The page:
7 Top Tips for Creating e-Content Faster

Creating e-content faster: Helping SMEs do more than just "information overload"

The growing need for training and learning in every industry brings out the need to develop e-content faster and continuously. This requires time cutting in every step in the process of e-learning development. One such crucial step is extracting relevant information out of Subject Matter Experts (SME) which can take up an unnecessary large chunk of the total development time.

Here are 7 Top Tips to ensure that SME interactions are faster and feed-in to the entire process of e-learning development:

  1. Introduce course design and objectives.
    Many of us view SMEs as demigods who are the experts in their field and will have little to do with actual learners. Now SME are experts and they have vast knowledge in their area of expertise. Without the necessary facilitation on what the learning objectives are and what the learners want to know – the SME will always lack direction as to how to present the information. If the course design and objectives are shared in advance, the SME can align his or her thoughts accordingly. This will reduce the ‘weeding-out’ exercise that often takes a lot of time as experts have a lot to share but most of it cannot be included in the e-learning course.
  2. Share examples of good e-content.
    Most SMEs are often not from a training or e-learning background but have vast experience, both intellectual and practical in a particular field. Sharing examples of e-content with them will expose them to the requirements of learning. This will help them align their thoughts and let the right information flow. For instance, they can see for themselves how scenarios work in e-learning and can suggest practical themes or scenarios that can be used in the e-learning course.  It will help them visualize the final content better and if all goes well, give suitable inputs for improving course design as well. All in all, if guided well, SMEs could contribute more than just information for the development of an e-learning course.
  3. Ask relevant questions.
    SMEs are more often than not pressed for time and have to take time out of their regular schedules to contribute in an e-course. It is a good idea for developers to learn a bit about the topic before approaching the SME as it will help know ‘what’ to ask and understand the answers better. Once the list of questions is ready, sequence them as per the design of the course. For the first round of questions, it is not wise to restrict the SME into the confines of word-count as it is easier to cut-down information than have too little information to work with. In further rounds, as the questions get more direct, the SME can be given a rough word-count to work with.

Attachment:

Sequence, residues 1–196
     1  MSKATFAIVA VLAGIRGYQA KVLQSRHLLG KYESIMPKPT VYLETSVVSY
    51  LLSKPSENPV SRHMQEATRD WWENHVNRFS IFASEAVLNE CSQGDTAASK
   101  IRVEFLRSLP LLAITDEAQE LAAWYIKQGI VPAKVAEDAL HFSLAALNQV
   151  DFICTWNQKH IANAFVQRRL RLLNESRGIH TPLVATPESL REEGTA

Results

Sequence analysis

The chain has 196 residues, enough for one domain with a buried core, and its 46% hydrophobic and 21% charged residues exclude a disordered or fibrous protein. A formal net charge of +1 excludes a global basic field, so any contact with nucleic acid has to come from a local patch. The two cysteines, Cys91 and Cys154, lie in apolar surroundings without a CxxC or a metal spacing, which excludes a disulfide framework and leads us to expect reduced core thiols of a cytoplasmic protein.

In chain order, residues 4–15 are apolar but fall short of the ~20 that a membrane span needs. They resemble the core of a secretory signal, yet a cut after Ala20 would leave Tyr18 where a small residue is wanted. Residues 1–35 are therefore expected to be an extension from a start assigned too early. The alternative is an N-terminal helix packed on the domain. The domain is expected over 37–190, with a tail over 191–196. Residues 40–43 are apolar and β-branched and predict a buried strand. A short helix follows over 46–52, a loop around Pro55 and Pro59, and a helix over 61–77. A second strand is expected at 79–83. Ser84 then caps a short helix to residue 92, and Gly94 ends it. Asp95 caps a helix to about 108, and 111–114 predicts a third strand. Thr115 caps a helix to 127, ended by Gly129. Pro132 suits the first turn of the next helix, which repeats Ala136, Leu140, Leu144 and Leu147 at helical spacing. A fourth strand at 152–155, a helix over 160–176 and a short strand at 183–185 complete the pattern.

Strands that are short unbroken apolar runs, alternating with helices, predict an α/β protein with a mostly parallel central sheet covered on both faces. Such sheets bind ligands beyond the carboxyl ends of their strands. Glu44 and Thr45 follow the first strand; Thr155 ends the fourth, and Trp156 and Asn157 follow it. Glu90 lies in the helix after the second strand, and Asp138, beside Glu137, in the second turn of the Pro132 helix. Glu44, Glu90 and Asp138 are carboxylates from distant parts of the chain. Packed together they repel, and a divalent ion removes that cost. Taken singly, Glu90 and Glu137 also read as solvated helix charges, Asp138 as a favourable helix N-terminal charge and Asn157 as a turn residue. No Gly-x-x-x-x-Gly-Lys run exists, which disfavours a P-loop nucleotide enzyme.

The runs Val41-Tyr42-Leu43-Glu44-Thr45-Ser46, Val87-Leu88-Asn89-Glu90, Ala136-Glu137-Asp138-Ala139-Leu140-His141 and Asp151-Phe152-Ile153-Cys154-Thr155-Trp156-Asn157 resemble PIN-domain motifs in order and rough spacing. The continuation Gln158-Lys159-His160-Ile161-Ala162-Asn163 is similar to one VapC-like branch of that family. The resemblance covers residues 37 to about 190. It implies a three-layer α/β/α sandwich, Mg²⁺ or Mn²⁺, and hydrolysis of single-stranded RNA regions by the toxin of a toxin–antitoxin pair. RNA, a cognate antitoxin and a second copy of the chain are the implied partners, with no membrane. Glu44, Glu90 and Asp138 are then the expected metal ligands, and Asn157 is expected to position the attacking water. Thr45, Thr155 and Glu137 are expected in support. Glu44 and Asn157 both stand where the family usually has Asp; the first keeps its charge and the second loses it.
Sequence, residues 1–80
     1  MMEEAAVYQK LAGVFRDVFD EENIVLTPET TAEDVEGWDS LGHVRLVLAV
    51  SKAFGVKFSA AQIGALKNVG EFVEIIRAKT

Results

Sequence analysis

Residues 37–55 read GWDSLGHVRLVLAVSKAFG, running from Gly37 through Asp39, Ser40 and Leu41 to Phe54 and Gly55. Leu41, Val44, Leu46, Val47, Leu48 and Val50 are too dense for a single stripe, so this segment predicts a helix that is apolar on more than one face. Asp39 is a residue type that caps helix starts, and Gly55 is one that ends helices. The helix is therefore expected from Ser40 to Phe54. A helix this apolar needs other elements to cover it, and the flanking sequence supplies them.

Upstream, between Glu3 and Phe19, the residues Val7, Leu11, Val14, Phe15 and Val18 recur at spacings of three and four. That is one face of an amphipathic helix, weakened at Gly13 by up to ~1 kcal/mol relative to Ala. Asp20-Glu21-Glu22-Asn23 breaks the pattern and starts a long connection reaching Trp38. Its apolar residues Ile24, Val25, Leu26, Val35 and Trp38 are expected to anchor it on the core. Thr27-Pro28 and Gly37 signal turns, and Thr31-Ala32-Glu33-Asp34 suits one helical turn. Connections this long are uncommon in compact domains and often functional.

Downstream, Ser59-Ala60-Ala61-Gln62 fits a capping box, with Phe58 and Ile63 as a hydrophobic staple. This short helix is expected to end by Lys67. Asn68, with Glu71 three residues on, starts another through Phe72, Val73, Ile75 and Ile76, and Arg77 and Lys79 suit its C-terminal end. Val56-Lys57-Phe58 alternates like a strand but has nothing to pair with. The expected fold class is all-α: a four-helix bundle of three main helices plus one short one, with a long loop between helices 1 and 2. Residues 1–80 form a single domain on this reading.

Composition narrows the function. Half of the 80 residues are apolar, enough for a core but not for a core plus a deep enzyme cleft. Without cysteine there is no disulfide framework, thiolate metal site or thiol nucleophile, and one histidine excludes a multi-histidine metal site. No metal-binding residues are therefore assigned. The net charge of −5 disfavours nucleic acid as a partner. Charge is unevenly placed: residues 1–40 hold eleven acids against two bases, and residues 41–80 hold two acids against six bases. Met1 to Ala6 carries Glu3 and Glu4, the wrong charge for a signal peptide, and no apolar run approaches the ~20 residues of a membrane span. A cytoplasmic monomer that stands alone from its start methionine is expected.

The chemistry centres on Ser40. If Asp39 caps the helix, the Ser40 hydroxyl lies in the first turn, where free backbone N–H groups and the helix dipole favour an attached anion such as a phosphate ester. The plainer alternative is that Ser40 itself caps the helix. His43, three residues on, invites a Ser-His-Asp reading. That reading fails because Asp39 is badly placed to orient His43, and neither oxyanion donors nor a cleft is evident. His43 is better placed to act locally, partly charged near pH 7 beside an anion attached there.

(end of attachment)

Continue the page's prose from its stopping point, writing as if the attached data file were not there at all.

4. Utilize formats that SMEs are familiar with.
    Most SMEs work a lot on formats such as MS PowerPoint or MS Word. These formats can quickly be transformed into SCORM complaint e-learning using rapid authoring tools. So utilizing these formats is a good idea when time is of the essence in e-learning development. Formats can be created in PPT or Word for the SME to fill in. The chosen font or colors can be shared with the SME to reduce development time further. The content can be then edited and quickly transformed into e-content. Even if design and editing takes some amount of time, the utilization of these formats at least ensures that the content is already placed in a way that does not have to be worked upon much.
  5. Encourage use of diagrams.
    When explaining something, most SME use a lot of diagrams to illustrate learning. Encourage SMEs to include diagrams in the content – however basic in look or design. The look and design of the diagrams can be fine-tuned and made to look better or made e-learning ‘friendly’ with the use of tools like annotations and so on. Since the basic idea of the diagram comes from the SME – it will be a good learning tool and will save considerable time as developers do not have to create graphics from scratch – only work on existing diagrams.
  6. Encourage use of audio.
    SMEs can also be encouraged to use audio narrations to explain topics in detail. When such detail cannot be used in a course as On-Screen Text, the audio can be included as extra material that the learner can read later to understand topics in detail. Here too, the final audio might have to be re-recorded to ensure quality and the script might have to be fine-tuned. But when the rough material is ready, editing and fine-tuning is an easier job to do than create the same from scratch.
  7. Utilizing existing material.
    SME also have a lot of existing material on their subject. And a lot of them are in formats like MS PowerPoint or MS Word which can be transformed into e-learning quickly. Utilizing the existing material to create e-learning content can be a good idea. The SME could provide inputs as to how to align the existing material to the specific needs of the e-course and these changes can duly be made. But there is a negative side to this approach as e-courses and presentations are created for different purposes and just converting a PPT into an e-course might not be sufficient. For the e-learning delivery, the content might have to be re-furbished considerably. But even then existing material can be a good place to start.

For rapid creation of e-content, every step of the development process needs to crunch time. Extracting information from the SME is an important step of e-learning development and a necessary one at that. With suitable interventions and empowering the SME to do more, we can definitely get the best out of SME interactions and create powerful e-learning.

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